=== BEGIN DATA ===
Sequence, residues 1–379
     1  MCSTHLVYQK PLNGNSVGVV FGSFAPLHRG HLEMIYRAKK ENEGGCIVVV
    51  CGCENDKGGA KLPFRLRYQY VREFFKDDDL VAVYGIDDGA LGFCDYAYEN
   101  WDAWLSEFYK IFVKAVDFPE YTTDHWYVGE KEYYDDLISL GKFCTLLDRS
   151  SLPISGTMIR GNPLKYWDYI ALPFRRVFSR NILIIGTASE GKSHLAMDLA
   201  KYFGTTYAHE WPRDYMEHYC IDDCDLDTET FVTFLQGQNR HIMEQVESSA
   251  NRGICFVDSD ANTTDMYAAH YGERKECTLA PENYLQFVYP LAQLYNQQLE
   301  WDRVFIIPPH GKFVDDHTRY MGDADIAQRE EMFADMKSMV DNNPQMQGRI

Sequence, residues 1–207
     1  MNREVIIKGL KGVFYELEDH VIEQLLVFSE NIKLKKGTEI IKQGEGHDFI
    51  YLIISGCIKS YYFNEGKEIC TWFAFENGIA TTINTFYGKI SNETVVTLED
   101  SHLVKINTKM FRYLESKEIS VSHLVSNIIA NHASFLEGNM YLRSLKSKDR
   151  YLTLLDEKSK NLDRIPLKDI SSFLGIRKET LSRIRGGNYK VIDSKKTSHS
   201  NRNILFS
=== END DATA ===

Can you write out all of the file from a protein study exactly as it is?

Sequence, residues 1–379
     1  MCSTHLVYQK PLNGNSVGVV FGSFAPLHRG HLEMIYRAKK ENEGGCIVVV
    51  CGCENDKGGA KLPFRLRYQY VREFFKDDDL VAVYGIDDGA LGFCDYAYEN
   101  WDAWLSEFYK IFVKAVDFPE YTTDHWYVGE KEYYDDLISL GKFCTLLDRS
   151  SLPISGTMIR GNPLKYWDYI ALPFRRVFSR NILIIGTASE GKSHLAMDLA
   201  KYFGTTYAHE WPRDYMEHYC IDDCDLDTET FVTFLQGQNR HIMEQVESSA
   251  NRGICFVDSD ANTTDMYAAH YGERKECTLA PENYLQFVYP LAQLYNQQLE
   301  WDRVFIIPPH GKFVDDHTRY MGDADIAQRE EMFADMKSMV DNNPQMQGRI

Sequence, residues 1–207
     1  MNREVIIKGL KGVFYELEDH VIEQLLVFSE NIKLKKGTEI IKQGEGHDFI
    51  YLIISGCIKS YYFNEGKEIC TWFAFENGIA TTINTFYGKI SNETVVTLED
   101  SHLVKINTKM FRYLESKEIS VSHLVSNIIA NHASFLEGNM YLRSLKSKDR
   151  YLTLLDEKSK NLDRIPLKDI SSFLGIRKET LSRIRGGNYK VIDSKKTSHS
   201  NRNILFS